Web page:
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  • Debating Detente in the Twenty-first Century
  • Peter Gruskin (bio)
Stephen Kinzer , Reset: Iran, Turkey, and America's Future, New York, Times Books, 2010, 288 pp. $16.00

"Turkey and Iran are the only Muslim countries in the Middle East where democracy is deeply rooted. This makes their future bright. It also makes them America's logical partners."1 With this sweeping proclamation, veteran journalist and award-winning author Stephen Kinzer cleans out America's foreign policy closet. He advocates nothing less than a radical rebalancing of United States-Middle East alliances in his latest book Reset: Iran, Turkey, and America's Future.

The United States should tilt away from Israel and Saudi Arabia, toward Turkey and Iran, to improve regional and national security because Cold War-era politics is long dead, argues Kinzer. Kinzer's professional role is that of an expert-outsider to the American foreign policy establishment, having served as bureau chief for the New York Times in multiple continents over the course of two decades. Though not an academic or policymaker, he does not hesitate to put on these hats and deconstruct American strategic thinking.

In Reset, we learn how the masses, and sometimes governments, in Turkey and Iran have strived to see the "American project"—meaning modern notions of liberty and democracy promotion—in a bright light. The two nations' republican founders, Kemal Ataturk in Turkey and Reza Shah in Iran, threw off the yoke of the Caliphate and Islam's Shia clergy respectively to radically reform their countries. Their goal was to bring their nation's culture and political climate up to speed with the West, which entailed emancipating women, implementing new legal codes, banning religious garb in public, sending unprecedented numbers of children to school, and giving voice to public opinion, rich and poor. Despite the autocratic ruling styles, these men were quite progressive in implementing most of their policies.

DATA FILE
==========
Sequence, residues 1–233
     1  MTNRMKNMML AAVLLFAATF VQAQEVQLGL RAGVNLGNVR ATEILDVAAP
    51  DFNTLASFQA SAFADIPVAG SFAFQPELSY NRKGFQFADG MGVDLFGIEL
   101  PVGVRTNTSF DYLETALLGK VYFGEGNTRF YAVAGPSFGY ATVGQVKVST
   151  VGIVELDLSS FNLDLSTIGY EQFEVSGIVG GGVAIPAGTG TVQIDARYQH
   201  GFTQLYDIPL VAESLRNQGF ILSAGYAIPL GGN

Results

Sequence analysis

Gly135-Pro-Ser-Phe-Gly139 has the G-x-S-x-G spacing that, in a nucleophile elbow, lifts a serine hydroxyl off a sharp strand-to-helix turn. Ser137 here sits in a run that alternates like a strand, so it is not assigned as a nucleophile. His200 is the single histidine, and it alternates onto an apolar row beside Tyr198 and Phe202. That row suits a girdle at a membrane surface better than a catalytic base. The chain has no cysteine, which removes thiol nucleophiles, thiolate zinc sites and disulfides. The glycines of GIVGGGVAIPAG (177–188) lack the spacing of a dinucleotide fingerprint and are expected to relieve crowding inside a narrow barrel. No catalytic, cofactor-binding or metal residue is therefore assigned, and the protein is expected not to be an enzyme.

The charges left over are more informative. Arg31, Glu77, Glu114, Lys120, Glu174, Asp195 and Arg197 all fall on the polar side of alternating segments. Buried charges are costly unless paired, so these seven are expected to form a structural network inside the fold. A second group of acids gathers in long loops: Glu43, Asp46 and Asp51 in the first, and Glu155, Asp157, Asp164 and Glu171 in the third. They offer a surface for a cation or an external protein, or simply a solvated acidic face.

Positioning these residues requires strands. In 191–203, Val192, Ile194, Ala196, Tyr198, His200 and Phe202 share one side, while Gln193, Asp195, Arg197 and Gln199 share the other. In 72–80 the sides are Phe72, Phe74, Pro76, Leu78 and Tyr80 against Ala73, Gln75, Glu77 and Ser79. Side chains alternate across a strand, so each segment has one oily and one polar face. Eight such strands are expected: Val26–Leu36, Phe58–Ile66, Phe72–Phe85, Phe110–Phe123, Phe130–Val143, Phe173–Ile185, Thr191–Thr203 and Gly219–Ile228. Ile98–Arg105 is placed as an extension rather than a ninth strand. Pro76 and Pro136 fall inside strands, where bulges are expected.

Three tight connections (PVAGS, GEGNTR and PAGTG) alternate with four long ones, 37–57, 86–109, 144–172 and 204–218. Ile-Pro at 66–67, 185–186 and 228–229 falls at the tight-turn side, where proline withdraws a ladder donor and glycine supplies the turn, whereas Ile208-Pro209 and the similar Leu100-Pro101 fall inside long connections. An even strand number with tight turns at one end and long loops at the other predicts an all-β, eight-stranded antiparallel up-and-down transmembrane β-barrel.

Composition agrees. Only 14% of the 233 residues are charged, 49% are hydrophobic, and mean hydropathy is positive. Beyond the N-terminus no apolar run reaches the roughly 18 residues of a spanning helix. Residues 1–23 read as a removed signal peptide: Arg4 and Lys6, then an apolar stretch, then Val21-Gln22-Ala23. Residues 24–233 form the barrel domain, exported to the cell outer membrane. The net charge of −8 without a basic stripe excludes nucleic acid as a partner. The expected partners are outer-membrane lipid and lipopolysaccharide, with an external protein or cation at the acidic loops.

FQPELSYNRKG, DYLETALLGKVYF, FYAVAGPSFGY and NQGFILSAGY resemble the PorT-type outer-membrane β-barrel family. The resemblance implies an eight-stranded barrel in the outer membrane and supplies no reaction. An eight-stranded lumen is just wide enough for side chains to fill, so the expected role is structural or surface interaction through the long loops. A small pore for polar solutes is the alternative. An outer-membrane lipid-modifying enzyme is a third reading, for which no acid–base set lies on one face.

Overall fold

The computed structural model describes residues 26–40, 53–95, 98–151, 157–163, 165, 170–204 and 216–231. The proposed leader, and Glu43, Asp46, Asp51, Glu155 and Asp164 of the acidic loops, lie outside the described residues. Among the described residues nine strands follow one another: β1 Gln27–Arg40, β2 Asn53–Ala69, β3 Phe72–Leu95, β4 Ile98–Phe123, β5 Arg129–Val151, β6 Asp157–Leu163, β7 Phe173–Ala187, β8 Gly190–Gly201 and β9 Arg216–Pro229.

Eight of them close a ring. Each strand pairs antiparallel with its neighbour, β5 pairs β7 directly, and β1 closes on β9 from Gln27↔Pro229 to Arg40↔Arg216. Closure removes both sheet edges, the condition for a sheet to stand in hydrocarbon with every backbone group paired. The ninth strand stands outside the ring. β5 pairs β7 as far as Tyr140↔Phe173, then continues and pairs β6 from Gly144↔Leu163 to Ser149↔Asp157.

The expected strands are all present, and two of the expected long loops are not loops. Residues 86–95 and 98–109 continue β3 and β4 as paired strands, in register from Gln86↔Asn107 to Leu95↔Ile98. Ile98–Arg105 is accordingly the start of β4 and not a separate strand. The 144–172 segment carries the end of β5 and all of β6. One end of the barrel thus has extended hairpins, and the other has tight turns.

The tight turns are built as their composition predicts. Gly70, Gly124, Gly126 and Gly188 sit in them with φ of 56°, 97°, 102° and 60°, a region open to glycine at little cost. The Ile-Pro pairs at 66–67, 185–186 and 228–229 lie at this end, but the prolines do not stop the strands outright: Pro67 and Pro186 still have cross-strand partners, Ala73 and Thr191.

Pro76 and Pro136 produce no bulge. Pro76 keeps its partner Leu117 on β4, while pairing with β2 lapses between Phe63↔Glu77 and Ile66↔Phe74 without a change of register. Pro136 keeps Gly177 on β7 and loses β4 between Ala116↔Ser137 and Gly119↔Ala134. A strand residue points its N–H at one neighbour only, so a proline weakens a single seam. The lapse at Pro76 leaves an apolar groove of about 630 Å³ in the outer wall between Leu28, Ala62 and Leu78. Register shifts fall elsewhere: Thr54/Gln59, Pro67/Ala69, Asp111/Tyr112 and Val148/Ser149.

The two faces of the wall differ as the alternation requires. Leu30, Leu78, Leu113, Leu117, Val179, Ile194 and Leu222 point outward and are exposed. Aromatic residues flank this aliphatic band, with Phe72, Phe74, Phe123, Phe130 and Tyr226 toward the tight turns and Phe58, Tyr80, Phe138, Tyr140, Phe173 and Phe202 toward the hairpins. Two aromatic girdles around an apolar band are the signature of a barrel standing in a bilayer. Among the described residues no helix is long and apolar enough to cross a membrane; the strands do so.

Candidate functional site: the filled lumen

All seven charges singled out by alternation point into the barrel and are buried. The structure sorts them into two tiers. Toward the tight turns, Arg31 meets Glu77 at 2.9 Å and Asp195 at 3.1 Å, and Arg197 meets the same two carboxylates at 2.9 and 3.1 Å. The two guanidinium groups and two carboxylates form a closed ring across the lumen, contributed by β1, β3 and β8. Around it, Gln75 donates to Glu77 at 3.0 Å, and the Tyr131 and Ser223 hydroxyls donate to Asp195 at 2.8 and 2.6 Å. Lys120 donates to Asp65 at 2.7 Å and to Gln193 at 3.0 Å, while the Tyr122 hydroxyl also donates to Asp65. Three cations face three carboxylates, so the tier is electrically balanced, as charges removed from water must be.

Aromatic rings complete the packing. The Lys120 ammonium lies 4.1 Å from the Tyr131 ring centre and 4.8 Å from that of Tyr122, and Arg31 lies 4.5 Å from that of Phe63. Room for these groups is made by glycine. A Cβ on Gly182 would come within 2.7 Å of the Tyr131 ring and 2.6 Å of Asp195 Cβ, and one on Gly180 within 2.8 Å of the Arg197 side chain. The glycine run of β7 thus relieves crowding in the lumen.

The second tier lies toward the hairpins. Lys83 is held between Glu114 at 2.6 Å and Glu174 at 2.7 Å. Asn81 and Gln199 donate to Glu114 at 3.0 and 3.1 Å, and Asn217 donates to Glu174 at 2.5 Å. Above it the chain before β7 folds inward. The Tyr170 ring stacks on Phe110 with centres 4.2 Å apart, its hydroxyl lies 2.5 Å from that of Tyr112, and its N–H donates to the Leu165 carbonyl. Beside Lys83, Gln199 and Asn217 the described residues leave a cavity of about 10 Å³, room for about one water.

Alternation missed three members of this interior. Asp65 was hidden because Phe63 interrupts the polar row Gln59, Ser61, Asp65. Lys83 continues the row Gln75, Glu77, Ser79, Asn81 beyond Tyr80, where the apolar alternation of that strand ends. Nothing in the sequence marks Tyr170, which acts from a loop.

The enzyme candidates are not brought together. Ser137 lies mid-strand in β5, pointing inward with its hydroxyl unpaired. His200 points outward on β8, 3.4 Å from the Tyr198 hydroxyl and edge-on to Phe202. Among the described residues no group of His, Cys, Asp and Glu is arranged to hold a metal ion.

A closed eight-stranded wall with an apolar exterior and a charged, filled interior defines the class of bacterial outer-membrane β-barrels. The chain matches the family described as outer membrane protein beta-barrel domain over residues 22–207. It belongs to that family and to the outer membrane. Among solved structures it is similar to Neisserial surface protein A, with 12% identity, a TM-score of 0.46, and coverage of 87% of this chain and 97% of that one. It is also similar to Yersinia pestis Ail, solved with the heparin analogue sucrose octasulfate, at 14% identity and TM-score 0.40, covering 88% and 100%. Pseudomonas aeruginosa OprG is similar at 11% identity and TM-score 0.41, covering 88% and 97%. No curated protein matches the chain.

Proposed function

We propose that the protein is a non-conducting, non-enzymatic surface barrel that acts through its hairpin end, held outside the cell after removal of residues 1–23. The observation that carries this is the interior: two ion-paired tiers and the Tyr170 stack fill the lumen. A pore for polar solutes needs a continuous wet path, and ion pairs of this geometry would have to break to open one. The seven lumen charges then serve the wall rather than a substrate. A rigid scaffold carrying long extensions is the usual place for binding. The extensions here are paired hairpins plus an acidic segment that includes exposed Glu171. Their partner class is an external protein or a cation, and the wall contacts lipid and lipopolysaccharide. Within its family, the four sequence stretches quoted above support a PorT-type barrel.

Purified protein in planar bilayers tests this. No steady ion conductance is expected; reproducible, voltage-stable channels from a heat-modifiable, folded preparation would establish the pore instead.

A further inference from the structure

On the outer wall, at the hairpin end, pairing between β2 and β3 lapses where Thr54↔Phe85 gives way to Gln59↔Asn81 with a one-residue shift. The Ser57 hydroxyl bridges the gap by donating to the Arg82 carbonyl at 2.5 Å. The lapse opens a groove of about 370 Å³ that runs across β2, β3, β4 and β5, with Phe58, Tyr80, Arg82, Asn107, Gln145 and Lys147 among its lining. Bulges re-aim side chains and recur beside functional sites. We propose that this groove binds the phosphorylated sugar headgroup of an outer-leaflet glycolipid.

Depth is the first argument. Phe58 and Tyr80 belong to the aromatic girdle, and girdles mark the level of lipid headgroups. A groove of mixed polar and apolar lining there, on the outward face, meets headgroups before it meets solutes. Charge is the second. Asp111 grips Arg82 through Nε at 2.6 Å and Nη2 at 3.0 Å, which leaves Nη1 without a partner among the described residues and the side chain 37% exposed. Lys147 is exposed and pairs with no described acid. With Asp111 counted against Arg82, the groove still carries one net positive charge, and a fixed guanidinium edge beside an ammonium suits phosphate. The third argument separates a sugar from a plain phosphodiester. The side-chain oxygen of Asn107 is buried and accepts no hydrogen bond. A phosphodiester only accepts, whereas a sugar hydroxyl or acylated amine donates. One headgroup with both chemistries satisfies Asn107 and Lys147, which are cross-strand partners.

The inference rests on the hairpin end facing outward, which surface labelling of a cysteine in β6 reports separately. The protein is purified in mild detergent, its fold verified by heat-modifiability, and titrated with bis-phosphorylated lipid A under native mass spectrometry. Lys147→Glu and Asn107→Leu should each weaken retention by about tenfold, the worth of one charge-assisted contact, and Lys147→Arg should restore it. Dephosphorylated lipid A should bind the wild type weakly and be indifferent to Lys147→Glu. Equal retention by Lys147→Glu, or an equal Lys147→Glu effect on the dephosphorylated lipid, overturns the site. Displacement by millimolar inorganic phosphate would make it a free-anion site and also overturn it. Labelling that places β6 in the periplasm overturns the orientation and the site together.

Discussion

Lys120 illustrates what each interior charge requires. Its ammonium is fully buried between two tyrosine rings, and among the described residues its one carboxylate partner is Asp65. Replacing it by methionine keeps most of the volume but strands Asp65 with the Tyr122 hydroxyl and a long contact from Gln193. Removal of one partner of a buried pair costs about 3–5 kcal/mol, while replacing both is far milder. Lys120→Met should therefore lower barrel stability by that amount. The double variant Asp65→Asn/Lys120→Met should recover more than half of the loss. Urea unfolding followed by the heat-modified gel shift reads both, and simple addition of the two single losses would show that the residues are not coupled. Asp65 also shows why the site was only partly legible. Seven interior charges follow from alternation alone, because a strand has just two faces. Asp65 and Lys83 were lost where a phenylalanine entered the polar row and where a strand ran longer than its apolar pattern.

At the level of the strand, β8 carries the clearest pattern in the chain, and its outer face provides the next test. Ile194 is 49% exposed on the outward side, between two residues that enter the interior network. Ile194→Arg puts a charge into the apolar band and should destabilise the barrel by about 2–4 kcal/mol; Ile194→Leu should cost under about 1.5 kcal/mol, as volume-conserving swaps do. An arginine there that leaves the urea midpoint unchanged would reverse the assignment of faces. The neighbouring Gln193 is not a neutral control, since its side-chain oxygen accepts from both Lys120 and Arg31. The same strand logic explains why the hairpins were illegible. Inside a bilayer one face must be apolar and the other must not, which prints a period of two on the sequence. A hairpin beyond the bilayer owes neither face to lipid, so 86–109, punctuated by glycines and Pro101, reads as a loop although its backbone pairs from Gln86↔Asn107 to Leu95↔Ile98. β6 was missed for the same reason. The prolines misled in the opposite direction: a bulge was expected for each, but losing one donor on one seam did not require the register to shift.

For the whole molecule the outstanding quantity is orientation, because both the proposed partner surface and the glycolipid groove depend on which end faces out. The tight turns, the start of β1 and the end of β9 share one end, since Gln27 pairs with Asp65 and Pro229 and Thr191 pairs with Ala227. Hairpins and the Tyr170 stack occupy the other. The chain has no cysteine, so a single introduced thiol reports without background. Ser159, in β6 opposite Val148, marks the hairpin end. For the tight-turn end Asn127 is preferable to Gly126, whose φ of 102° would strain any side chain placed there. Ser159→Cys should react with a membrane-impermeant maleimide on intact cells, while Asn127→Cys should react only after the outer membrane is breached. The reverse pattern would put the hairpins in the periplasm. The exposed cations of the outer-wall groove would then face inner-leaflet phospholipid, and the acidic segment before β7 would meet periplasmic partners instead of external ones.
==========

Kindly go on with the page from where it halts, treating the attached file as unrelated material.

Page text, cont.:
In his fairly straightforward storytelling Kinzer succeeds in explaining these histories, though one does not walk away with a full understanding of what would happen if his grand recommendation—which would amount to a major recalibration of American foreign policy in the Middle East—is implemented. One does however sense the gravity of the political earthquake Kinzer proposes—one ironically designed to solve a Middle East set-up (i.e., U.S.-Iran tensions and the Israel-Palestine conflict) already on shaky ground. The first [End Page 143] part of his argument—that Iran and Turkey are more democratic, modern, and desiring of American support than most Americans realize—is clear and reasonable. But the ease with which he proposes the United States can change its stance overnight is slightly disconcerting. This makes the book tough to put down but also tough to imagine it finding much of an audience among senior U.S. foreign policy leaders. These elites cannot just reverse course without the proper incentives and structures in place to encourage them. And even if the President were to act, who is to say the outcome would be as Kinzer predicts—a new Middle East with a better chance of the solidification of stability and democracy?

Kinzer reminds the reader of the fascinating background of the two emerging powers, Iran and Turkey, but at the expense of glossing over the complexity of the situation. Many journalists, lobbyists, and foreign policy makers are reluctant to dig into Middle Eastern histories. Instead they fall back on tried and true dictates such as, "We can't afford to crack down on Saudi Arabia because they have our oil" and "Israel needs to be supported right or wrong, for their own good as well as ours." For Kinzer, these are distracting arguments.

Kinzer is convinced his plan would be beneficial to almost all players in the long run. Israel's foreign policy is not providing it with long-term security, due in no small part to unconditional U.S. aid. In his view, the biggest favor the American government could do for its closest ally in the region would be to impose peace on the Arab-Israeli conflict. Kinzer argues the President should be "determined to twist limbs, squeeze appendages, and not stop when he...


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